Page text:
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Vol. XXX No. 13, November 1-15, 2020

Our Readers Write

Hilarious tales of a cycle-rickshaw protagonist

In many families there will always be a person known for his funny accounts. From the paternal side of our family, there was one Krishna Iyer or ‘Mappillai Krishnan’ as he was fondly known, being one of the two sons-in-law. He cut a rather imposing figure, with his fat and large frame, but his voice was unsettlingly feeble and thin. He was fiscally supportive to the bus transport department as he would often travel around Madras city in PTC buses (now MTC) by purchasing holiday tickets.

Krishna Iyer was most famous for his unbounded love of a cycle rickshaw, light green in colour. His affection for the vehicle was nothing short of divine – he absolutely adored it. His bonding towards it was so deep to the extent that both were inseparable by any means. Such was his penchant for the vehicle that he was ferried in it for decades. If lord Ganesha walked around his parents Shiva and Parvathi three times to win the wisdom fruit, justifying they are the whole universe, our Krishna Iyer would go around Madras royally in that rickshaw in celebration of it. Perhaps, he would have been the only person under the sky who must have celebrated ‘rickshaw bandhan’ every year.

For Krishna Iyer, the unmistakable cycle-rickshaw was his chariot. His sitting posture on the uncovered pedicab would remind everyone of a monarch sitting on his throne. Be it for attending a marriage or to condole a death, he would promptly travel in it with his trademark attire of veshti and light blue half-sleeve shirt, and with the protruding hand-kerchief tucked under the collar.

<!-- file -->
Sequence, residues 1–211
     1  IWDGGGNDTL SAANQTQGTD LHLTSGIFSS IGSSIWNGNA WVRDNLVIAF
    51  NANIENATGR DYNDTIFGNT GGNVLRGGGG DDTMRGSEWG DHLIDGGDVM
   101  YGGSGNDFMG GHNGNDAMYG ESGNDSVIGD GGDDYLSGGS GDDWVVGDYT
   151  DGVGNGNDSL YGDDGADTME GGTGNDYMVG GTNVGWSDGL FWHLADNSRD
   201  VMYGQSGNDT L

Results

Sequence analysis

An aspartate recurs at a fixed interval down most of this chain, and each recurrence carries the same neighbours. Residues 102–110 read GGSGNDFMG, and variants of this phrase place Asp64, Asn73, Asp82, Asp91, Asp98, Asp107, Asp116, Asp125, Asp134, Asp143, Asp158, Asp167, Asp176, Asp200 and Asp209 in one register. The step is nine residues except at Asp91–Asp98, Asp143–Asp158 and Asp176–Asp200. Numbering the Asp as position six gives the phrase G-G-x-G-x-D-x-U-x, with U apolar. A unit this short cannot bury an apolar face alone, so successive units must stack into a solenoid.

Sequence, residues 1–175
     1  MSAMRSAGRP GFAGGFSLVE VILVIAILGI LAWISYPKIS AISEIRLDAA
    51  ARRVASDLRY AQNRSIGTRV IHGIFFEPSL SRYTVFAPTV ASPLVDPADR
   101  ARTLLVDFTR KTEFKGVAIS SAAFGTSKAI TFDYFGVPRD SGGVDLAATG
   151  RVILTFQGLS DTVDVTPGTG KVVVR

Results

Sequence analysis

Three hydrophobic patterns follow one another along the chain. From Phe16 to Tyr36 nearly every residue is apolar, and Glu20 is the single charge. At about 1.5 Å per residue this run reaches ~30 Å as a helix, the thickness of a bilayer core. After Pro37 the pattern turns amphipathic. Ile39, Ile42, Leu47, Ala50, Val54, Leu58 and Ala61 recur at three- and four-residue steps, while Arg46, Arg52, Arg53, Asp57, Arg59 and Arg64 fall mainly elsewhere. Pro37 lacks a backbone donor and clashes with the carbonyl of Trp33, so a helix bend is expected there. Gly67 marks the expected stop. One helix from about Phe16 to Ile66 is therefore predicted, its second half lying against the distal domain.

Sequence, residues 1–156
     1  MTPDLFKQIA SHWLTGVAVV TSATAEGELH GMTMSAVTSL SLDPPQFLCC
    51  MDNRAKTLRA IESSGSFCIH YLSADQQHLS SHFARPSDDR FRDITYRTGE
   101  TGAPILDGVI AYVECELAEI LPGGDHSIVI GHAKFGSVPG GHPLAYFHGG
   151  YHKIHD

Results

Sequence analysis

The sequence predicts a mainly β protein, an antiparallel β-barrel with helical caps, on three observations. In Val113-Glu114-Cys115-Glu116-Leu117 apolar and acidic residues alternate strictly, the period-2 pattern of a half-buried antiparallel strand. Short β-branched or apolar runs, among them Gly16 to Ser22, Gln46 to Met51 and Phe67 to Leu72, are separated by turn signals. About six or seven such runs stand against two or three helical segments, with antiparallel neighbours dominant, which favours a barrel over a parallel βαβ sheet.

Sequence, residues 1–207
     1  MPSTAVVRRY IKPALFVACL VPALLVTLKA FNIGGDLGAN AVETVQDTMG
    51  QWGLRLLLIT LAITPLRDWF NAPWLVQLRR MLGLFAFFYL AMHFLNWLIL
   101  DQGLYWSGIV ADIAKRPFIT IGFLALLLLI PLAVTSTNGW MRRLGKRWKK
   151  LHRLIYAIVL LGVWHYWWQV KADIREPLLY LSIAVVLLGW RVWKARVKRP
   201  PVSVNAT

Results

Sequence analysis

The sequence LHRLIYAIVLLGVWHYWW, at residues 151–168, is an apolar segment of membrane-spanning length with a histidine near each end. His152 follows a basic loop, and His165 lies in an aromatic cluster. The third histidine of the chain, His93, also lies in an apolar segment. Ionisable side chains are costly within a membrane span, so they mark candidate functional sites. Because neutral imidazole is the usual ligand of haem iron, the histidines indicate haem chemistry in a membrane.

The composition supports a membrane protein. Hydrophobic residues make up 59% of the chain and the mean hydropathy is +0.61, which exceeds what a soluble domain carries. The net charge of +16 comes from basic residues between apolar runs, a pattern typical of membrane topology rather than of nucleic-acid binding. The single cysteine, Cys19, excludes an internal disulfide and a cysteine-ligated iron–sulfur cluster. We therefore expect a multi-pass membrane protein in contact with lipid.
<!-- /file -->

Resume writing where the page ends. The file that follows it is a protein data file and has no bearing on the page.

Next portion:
Once during Krishna Iyer’s visit to our family, my aunt also was present in the house. Seeing his broad frame, with his belly resembling a flyover, she whispered from a distance, asking him, “Have you left your trunk at home by oversight?” Her subdued comment evoked instant laughter around.

My cousin and I would always rag Krishna Iyer for humour when we met on occasions. We once decided to compare him with the late justice V.R. Krishna Iyer. Though we knew that such a comparison would be inane and fatuous, we still did so for the sake of humour by drawing comparisons:

a) If V.R. Krishna Iyer was concerned about the poor being taken for a ride, our Krishna Iyer let the poor (rickshaw puller) take him for a ride.

b) While VRK Iyer was the vehicle of law, as a law rickshaw was the vehicle for our KI.